Kings and subjects alike paid their devotions to Marduk. The former approached the divine presence directly, and, seizing hold of the hands of Marduk's statue, were admitted into a kind of covenant with the god. The ceremony became the formal rite of royal installation in Babylonia.

To him the creation of the heavenly bodies is ascribed. It is he who brings order and light into the world. He supplants the rôles originally belonging to other gods. Bel and Ea give way to him. Anu and the other great gods cheerfully acknowledge Marduk's power.

One of the oldest has a frieze of female figures on it, holding in their outstretched hands flagons from which they pour water. In Marduk's temple we learn that there were two basins, a larger and a smaller one.

Marduk's declaration is then repeated. Upon hearing the message Lakhmu and Lakhamu and "all the Igigi" are distressed, but are powerless to avert the coming disaster. The formal declaration of war having been sent, the followers of Anshar assemble at a meal which is realistically described: They ate bread, they drank wine. The sweet wine took away their senses.

It is he who saves humanity from complete annihilation, and who pacifies the angered Bel. Marduk's name does not appear in the entire epic.

It is a noteworthy circumstance, and characteristic of the phase of the Babylonian religion which we are considering, that the extension of Marduk's political sway did not lead to the establishment of Marduk cults outside of Babylon.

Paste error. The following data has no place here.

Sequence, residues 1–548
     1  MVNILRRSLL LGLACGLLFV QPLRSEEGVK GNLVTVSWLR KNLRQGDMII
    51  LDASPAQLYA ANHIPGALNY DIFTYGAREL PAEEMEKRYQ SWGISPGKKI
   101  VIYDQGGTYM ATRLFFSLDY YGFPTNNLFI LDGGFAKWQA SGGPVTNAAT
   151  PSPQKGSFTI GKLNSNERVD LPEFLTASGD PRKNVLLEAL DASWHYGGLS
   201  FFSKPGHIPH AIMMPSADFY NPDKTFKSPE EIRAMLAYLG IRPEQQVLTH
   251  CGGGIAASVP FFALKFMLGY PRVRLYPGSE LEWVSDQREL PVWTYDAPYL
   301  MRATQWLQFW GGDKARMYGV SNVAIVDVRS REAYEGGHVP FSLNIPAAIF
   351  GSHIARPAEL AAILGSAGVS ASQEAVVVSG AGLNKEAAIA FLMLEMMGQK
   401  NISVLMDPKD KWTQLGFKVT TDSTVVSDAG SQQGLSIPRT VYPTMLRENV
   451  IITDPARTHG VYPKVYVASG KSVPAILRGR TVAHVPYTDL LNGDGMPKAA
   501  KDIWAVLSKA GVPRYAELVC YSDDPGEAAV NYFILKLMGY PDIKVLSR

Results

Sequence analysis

The assembly of the gods presupposes a systematization of the pantheon, and the fact that it is only the papakhu in Marduk's temple which is known as Du-azagga is a sufficient indication of the influences at work which produced this conception. In the creation epic, there is a reference to the Ubshu-kenna which shows the main purpose of a divine assembly in the eyes of the priests of Babylon.

He incurs the ill-will of the priests by paying much more attention to the restoration of the various Shamash temples in Babylonia than would appear to be consistent with devotion to Marduk. Cyrus, therefore, in his conquest of Babylonia, sets up the claim of being the savior of Marduk's honor. The Neo-Babylonian period may properly be designated as a religious age.

Marduk's supremacy no longer being questioned, there was no necessity to curtail the homage paid to Shamash at Sippar or to En-lil at Nippur; hence the religious importance of the old centers is not diminished by the surpassing glory of Babylon. There was room for all. Marduk's toleration is the best evidence of his unquestioned headship.

The name seems to have been originally a general term for a festival, and it is natural that Marduk's festival should have come to be known as the festival, just as among the Hebrews the annual fall pilgrimage to the sanctuary at Jerusalem became known as the Hag, the pilgrimage par excellence.